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|Title:||Monazite as a monitor for melt-rock interaction during cooling and exhumation|
|Citation:||Journal of Metamorphic Geology, 2019; 37(3):415-438|
|Alexander M. Prent, Andreas Beinlich, Laura J. Morrissey, Tom Raimondo, Chris Clark, Andrew Putnis|
|Abstract:||Granulite facies cordierite–garnet–biotite gneisses from the southeastern Reynolds Range, central Australia, contain both orthopyroxene‐bearing and orthopyroxene‐free quartzofeldspathic leucosomes. Mineral reaction microstructures at the interface of gneiss and leucosome observed in outcrop and petrographically, reflect melt‐rock interaction during crystallization. Accessory monazite, susceptible to fluid alteration, dissolution and recrystallization at high temperature, is tested for its applicability to constrain the chemical and P–T–time evolution of melt‐rock reactions during crystallization upon cooling. Bulk rock geochemistry and phase equilibria modelling constrain peak pressure and temperature conditions to 6.5–7.5 kbar and ~850°C, and U–Pb geochronology constrains the timing of monazite crystallization to 1.55 Ga, coeval with the Chewings Orogeny. Modelling predicts the presence of up to 15 vol.% melt at peak metamorphic conditions. Upon cooling below 800°C, melt extraction and in situ crystallization of melt decrease the melt volume to less than 7%, at which time it becomes entrapped and melt pockets induce replacement reactions in the adjacent host rock. Replacement reactions of garnet, orthopyroxene and K‐feldspar liberate Y, REE, Eu and U in addition to Mg, Fe, Al, Si and K. We demonstrate that distinguishing between monazite varieties solely on the basis of U–Pb ages cannot solve the chronological order of events in this study, nor does it tie monazite to the evolution of melt or stability of rock‐forming minerals. Rather, we argue that analyses of various internal monazite textures, their composition and overprinting relations allow us to identify the chronology of events following the metamorphic peak. We infer that retrograde reactions involving garnet, orthopyroxene and K‐feldspar can be attributed to melt‐rock interaction subsequent to partial melting, which is reflected in the development of compositionally distinct monazite textural domains. Internal monazite textures and their composition are consistent with dissolution and precipitation reactions induced by a high‐T melt. Monazite rims enriched in Y, HREE, Eu and U indicate an increased availability of these elements, consistent with the breakdown of orthopyroxene, garnet and K‐feldspar observed petrographically. Our study indicates that compositional and textural analysis of monazite in relation to major rock‐forming minerals can be used to infer the post‐peak chemical evolution of partial melts during high‐ to ultrahigh‐temperature metamorphism.|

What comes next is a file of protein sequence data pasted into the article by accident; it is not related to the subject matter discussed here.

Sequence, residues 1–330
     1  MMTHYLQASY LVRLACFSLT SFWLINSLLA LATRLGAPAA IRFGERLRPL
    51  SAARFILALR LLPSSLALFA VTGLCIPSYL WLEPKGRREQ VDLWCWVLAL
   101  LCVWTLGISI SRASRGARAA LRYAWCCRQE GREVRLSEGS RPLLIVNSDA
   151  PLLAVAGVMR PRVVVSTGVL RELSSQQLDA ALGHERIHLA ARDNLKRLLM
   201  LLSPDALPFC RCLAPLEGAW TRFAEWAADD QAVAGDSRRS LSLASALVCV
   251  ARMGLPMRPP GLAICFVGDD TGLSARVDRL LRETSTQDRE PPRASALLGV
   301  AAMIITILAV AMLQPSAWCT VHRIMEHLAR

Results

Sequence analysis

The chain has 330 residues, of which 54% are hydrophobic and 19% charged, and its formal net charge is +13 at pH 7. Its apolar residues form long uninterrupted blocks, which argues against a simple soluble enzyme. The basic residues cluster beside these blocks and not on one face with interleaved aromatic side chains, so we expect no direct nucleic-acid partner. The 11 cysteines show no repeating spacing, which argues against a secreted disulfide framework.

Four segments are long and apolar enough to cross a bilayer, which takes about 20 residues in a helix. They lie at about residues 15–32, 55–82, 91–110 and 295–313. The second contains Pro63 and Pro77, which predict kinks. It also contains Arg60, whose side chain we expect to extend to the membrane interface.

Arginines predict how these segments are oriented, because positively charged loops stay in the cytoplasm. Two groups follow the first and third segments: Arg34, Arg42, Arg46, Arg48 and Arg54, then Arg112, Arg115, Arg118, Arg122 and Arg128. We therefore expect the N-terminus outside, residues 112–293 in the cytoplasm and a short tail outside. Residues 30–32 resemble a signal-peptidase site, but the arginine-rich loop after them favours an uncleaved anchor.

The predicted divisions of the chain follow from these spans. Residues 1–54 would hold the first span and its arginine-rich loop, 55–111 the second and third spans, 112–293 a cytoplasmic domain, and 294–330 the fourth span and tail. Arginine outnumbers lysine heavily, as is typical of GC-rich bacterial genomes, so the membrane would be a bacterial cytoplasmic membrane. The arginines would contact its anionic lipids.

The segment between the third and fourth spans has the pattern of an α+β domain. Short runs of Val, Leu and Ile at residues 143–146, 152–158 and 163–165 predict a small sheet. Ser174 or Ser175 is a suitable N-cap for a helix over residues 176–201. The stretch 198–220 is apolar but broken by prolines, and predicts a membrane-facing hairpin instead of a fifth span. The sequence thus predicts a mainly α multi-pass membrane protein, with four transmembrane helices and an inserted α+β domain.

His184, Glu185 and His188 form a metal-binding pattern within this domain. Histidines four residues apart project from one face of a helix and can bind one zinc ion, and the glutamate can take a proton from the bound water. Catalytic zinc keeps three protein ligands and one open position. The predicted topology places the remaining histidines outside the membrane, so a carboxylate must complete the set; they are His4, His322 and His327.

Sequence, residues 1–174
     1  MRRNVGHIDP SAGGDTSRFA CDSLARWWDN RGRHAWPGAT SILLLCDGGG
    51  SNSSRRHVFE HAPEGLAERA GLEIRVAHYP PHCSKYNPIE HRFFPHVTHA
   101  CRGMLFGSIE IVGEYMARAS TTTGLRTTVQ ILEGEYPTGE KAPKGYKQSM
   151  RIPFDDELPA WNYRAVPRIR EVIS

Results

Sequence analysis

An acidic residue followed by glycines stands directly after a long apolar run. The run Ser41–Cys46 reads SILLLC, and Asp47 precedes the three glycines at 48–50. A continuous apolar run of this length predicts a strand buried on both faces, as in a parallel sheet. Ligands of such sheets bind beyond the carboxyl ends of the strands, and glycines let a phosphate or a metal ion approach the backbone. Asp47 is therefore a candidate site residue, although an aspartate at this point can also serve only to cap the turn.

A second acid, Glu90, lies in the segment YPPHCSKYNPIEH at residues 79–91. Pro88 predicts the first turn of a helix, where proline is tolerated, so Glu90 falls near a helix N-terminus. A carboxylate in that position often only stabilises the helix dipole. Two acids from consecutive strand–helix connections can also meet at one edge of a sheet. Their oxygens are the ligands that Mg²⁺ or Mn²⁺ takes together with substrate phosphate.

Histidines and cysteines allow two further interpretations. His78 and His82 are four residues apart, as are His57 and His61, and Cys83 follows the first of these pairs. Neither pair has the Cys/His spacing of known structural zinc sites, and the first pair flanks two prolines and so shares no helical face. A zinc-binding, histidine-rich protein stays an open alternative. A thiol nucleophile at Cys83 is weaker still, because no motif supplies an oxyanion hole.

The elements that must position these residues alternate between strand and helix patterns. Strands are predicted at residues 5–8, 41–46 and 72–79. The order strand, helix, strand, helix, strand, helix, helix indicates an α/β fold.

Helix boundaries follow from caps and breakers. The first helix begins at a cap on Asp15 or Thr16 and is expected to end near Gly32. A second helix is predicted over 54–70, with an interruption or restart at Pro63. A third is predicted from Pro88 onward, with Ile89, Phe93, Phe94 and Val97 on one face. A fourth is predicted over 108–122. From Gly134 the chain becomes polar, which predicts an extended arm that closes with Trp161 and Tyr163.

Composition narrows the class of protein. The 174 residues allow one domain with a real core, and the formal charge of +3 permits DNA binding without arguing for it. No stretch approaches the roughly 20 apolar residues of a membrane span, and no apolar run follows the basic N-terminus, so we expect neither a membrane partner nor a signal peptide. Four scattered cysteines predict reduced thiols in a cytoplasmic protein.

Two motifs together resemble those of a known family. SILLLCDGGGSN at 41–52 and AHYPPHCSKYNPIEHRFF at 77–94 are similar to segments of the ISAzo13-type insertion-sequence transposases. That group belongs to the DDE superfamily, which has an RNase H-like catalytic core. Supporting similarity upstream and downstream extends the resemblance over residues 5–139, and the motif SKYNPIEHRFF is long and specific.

|Rights:||© 2019 John Wiley & Sons Ltd.|
|Appears in Collections:||Geology & Geophysics publications|
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